5. Russia has long been a permanent and priority target of Western economic sanctions. And Western sanctions have now got as bad as they can be. Pressure will cease to increase, because it can be no worse. Russia already buys nearly nothing from the West—neither technology, food, or consumption goods. For a couple of years, the West will still have to pay for Russian gas which they need. After that, the West can pay 20% more for LNG from the U.S., and Russia can use new pipelines to increase exports of gas and oil to China and East Asia. Until then, as Russia’s ambassador to the EU, Vladimir Chizhov said, Nord Stream 2 is just sleeping.

6. Yes, Russia will consistently be pushed away from the Western technological chains. But they are not a monopoly, or perhaps even the leaders, anymore. As partner of China, Russia has prime partner-potential to a tech production which rivals and, in several cases, surpasses that of the combined West. The same with India. For instance, in computing, India has world-class technology. Finally, we have to see technology in a deeper perspective. Here Africa comes in again. Africa does not deliver so much World leading technology. And exactly because of that, Russia has an enormous potential as tech partner with Africa. Go for it.

7. It is correct that the West will fight for the narratives to influence the minds and hearts of the rest of the world. But we must recognize the deep skepticism, with which the rest of the World receives the constructed and often obviously hypocritical narratives of the West. As noted earlier, Russia has very good and warm relations with both China and India—together nearly 3 billion people. We also must look at China’s enormous goodwill in Africa and trade relations with South America. Africa’s experience with colonialism and neo-colonialism (continuing until today) have given Africa a profound distance to the Europe’s invented stories about European “goodness”. In a striking parallel, a lot of public opinion in South America is formed by an ingrained animosity against “dependencia” of the U.S. In the Middle East, Russia has in Syria established a powerful presence which makes Russia a recognized partner for all states in the Region. Syria is a bridgehead to Lebanon. Iran is a friend of Russia with underutilized potential. Turkey is a competitor but also a partner which Russia has learned to work with. Israelis are right now emotionally split between popular loyalties to Russia and Ukraine. But Russia has great relations with Israel, which is uneasy about the support from coming American generations. Russia also has good relations with Egypt and Saudi Arabia which are uneasy about the solidity of American support for their type of government. This leaves plenty of room for Russia.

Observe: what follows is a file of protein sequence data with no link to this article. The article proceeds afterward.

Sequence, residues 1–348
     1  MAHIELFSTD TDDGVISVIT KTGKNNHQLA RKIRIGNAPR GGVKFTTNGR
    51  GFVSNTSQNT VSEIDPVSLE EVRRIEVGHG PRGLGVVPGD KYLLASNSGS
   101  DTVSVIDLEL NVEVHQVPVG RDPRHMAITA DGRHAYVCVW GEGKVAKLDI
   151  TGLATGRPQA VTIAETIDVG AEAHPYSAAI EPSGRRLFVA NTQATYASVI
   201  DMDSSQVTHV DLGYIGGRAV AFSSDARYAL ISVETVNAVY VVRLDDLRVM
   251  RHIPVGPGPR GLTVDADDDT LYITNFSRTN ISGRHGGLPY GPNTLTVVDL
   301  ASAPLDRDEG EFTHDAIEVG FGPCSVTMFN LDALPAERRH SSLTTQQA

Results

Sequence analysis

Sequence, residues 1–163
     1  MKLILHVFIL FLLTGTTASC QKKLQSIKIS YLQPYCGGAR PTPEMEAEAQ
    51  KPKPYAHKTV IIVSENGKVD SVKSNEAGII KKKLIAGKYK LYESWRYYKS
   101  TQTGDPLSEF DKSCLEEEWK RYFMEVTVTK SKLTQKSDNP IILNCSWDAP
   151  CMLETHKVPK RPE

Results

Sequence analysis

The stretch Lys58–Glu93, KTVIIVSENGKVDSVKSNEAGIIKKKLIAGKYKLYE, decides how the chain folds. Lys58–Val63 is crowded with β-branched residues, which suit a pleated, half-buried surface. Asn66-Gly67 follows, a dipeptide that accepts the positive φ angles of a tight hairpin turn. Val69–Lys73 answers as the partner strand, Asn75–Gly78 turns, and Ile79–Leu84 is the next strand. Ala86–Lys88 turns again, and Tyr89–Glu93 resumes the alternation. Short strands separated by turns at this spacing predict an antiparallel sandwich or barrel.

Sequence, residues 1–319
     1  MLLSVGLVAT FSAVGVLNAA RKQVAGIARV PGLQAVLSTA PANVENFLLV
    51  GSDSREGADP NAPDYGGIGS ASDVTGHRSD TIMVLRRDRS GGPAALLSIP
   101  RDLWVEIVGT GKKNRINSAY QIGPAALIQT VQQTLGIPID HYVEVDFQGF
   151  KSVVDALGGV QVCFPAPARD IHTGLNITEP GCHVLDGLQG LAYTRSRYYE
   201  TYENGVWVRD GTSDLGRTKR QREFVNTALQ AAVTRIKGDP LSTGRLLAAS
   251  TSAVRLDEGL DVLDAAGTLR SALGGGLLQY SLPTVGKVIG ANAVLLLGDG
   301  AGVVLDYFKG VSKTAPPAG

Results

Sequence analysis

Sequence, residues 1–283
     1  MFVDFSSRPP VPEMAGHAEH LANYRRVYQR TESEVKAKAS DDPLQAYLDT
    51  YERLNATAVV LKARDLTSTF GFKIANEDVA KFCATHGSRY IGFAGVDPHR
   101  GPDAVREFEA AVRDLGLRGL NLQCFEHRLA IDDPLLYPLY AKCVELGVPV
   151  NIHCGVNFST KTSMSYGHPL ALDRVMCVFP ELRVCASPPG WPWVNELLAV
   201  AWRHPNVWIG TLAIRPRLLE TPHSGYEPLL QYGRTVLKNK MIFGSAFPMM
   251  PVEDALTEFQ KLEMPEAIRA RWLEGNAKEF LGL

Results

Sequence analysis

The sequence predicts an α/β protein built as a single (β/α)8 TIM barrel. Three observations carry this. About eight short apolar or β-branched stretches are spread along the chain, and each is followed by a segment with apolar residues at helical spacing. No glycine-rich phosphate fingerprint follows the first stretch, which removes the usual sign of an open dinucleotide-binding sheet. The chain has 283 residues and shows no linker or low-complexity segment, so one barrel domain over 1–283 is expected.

I would like to add that Russia has perhaps overestimated her needs for the West. And Russia may have overlooked, that in GDP, Russia is not a very big country. Countries like the UK with a big GDP needs trading partners with big GDP, which limits the UK’s options for significant trading partners to just three in the World—EU, U.S., and China. Russia with a much smaller GDP, has so many more choices on the palette, for partners with a GDP big enough to make a significant contribution for Russia.

Paraphrasing Peter the Great after defeating the Swedes at Poltava, Russia should perhaps now bring a toast to today’s “Swedish masters”—aka the West—for teaching Russia new prosperous ways forward.

Will Moscow manage to withstand Western military, economic, technological, and political pressure for a long time? Yes—indefinitely. Iran has managed. Russia as a much bigger country will manage too, and perhaps over time, even without costs but actually with benefits from being forced to put new land under the plow.

A toast for the “Swedish masters”.